Wednesday, March 5, 2008

Hariyali rural retail, now a Harvard case study

One of the country’s agri-business initiatives, Hariyali Kisaan Bazaar — the rural retail venture of DCM Shriram Consolidated Ltd — has become a case study for students at the Harvard Business School.
Late last year a team from Harvard came to India to extensively study the model and turn it into a case study, and this month it was also presented at their international agri-business seminar at the school.
Earlier, Harvard had studied the e-choupal model of ITC.
“Prof David Bell (of Harvard) contacted us after hearing about the initiative from a participant during a World Bank meeting. He was excited and wanted to study how it was making a difference in the lives of farmers in the country, besides being an example of inclusive growth that the country is advocating,” said Mr Rajesh Gupta, President and Business Head of DSCL’s Hariyali venture.Catalyst for social change
The study, in fact, has highlighted the model as a catalyst of social change and traces its beginnings to DCM’s deep-seated interests in agri-business and its involvement with the sugar business as early as the 1930s and later its entry into the fertiliser sector in 1966.
The genesis of the retail venture goes back to 1997 when DSCL initiated an agricultural extension programme, Shriram Krishi Vikas Guides, in northern India where the guides were trained agronomists posted in rural areas to address the needs of farmers and solve agri-based problems such as seed quality, irrigation techniques, fertiliser usage and crop yields.
It was at this point that the company found farmers asking for a host of quality agri-products at reasonable prices.
The study quotes Chairman and Managing Director Mr Ajay Shriram recounting how the company found in this a business initiative “which could leverage the agri-value chain, have a transformational impact and improve the quality of life in rural India.”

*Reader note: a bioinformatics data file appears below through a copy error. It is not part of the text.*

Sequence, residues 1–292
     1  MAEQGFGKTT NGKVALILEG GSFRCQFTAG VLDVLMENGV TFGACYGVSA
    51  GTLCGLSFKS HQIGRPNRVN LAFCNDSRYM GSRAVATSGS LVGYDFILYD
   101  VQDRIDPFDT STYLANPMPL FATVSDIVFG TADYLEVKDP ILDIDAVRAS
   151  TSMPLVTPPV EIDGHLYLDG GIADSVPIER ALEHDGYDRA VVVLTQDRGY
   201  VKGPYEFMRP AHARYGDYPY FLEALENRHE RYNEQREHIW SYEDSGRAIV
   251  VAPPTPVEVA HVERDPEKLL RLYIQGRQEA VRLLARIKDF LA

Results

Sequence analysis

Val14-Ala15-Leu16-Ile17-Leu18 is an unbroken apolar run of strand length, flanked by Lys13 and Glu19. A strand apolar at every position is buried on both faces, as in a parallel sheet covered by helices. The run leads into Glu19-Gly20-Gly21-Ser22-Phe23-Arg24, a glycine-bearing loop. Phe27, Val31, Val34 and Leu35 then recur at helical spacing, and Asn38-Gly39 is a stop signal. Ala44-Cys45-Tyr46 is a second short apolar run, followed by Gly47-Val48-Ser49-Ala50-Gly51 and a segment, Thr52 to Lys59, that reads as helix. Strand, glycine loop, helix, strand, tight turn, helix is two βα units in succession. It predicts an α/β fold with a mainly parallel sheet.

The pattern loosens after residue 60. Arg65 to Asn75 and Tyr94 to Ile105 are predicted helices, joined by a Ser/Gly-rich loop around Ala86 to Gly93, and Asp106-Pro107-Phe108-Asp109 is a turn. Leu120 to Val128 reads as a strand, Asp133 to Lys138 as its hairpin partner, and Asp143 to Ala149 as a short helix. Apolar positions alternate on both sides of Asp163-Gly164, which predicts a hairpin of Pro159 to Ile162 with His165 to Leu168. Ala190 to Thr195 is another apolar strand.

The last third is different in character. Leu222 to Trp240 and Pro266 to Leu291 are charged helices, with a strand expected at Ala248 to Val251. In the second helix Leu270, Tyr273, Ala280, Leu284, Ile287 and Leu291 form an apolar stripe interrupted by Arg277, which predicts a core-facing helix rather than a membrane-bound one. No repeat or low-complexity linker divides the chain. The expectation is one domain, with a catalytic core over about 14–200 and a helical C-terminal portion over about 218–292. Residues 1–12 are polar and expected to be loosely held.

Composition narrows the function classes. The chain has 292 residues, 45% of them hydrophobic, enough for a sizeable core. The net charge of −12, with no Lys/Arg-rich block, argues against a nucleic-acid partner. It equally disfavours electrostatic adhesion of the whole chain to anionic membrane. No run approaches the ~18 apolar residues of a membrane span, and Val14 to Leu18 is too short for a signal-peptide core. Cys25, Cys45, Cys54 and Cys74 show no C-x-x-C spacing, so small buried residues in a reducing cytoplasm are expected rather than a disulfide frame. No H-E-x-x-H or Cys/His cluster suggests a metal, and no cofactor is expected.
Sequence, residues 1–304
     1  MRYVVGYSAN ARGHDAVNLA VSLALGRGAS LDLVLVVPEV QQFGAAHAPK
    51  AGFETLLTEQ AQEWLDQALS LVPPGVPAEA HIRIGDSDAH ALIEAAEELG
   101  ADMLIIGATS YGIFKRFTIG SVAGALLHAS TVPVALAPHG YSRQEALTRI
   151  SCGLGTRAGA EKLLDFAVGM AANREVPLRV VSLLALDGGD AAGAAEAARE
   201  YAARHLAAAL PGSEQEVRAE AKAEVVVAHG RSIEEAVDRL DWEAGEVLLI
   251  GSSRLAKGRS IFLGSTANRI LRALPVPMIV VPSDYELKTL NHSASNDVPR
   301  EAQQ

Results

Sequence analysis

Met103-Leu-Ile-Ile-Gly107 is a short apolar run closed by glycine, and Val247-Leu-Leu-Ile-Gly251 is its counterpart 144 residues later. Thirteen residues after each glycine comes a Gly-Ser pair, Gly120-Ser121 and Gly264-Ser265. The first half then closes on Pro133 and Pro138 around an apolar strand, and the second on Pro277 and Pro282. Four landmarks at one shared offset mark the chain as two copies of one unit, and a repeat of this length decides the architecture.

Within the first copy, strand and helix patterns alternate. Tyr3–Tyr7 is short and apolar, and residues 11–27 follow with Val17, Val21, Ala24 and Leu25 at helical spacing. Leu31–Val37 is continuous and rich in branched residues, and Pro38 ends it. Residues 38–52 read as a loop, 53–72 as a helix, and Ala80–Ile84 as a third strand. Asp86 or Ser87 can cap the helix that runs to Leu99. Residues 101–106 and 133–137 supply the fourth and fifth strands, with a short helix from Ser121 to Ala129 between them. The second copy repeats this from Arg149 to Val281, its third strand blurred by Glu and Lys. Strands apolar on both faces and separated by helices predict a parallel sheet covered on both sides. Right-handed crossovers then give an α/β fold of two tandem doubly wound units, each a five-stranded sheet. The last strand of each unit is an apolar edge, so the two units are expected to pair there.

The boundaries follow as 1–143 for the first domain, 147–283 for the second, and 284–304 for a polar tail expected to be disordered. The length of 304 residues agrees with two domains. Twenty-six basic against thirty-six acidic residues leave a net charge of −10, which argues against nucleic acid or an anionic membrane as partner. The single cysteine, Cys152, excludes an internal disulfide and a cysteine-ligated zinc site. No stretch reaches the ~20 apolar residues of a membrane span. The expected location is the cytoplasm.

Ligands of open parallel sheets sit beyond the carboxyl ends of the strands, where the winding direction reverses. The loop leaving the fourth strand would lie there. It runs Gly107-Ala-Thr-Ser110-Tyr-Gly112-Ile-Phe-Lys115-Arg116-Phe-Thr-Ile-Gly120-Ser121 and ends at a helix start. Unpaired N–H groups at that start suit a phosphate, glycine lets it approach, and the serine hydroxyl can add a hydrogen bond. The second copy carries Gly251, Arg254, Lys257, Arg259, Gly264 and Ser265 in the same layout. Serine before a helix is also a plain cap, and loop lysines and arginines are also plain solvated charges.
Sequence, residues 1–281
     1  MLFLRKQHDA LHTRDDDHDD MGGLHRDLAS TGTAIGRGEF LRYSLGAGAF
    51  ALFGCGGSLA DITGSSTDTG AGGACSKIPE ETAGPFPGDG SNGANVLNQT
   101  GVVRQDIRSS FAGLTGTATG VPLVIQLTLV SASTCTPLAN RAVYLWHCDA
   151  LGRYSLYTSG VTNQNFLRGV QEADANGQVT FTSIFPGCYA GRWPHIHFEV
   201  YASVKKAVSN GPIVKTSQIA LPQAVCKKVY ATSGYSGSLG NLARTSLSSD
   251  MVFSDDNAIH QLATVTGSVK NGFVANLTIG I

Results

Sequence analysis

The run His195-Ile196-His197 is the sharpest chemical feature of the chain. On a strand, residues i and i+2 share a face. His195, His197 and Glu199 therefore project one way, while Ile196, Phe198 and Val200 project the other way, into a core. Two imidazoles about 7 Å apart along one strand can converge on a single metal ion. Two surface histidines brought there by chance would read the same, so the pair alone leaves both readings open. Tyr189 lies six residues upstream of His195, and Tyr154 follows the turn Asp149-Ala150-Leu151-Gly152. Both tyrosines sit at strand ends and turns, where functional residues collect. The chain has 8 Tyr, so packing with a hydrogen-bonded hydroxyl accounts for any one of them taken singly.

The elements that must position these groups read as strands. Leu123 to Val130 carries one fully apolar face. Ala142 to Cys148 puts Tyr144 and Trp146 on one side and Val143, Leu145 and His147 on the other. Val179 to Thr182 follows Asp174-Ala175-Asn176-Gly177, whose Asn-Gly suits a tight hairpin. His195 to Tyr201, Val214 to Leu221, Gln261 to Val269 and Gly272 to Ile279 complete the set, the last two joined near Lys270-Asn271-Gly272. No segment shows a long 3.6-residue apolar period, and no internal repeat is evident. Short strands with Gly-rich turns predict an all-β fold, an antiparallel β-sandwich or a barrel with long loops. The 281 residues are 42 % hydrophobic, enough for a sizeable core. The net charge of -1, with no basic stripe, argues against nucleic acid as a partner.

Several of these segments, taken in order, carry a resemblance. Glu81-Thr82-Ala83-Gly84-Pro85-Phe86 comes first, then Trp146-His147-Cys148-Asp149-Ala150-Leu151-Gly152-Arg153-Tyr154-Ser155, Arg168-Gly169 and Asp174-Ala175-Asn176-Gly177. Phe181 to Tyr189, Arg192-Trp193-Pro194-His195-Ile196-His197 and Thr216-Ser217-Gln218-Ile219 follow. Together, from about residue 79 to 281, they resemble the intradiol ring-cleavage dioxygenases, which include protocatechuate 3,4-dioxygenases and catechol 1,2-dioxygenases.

Today Hariyali has 125 rural centres spread over the north, west and south of the country. Its one-stop shops provide farmers with a range of agri and non-agri products, latest farm technology, farm fuels, and output buyback of farmers’ produce. The centres are also IT-enabled and provide farmers critical data relevant to them, inputs and access to weather forecasts, market prices and other technical knowledge.
Going forward, the company wants to experiment retail on the output and input side. Mr Rajesh Gupta is exploring Hariyali’s potential as a bulk buyer, which would serve as a conduit to rural India for companies who want to sell their products and services there. Motorola is already using the Hariyali route for its handsets. On the output side Hariyali is mulling being an “instrumental link” in the retail value chain, to supply large urban retailers with fresh fruits, vegetables and grains procured directly from the farming community.
The major challenge faced by Hariyali in meeting the expectations of the brand, and cited in the Harvard study, is the logistics of having employees in so many different locations and providing for the economic nuances, attitudes and practices of different regions of the country.

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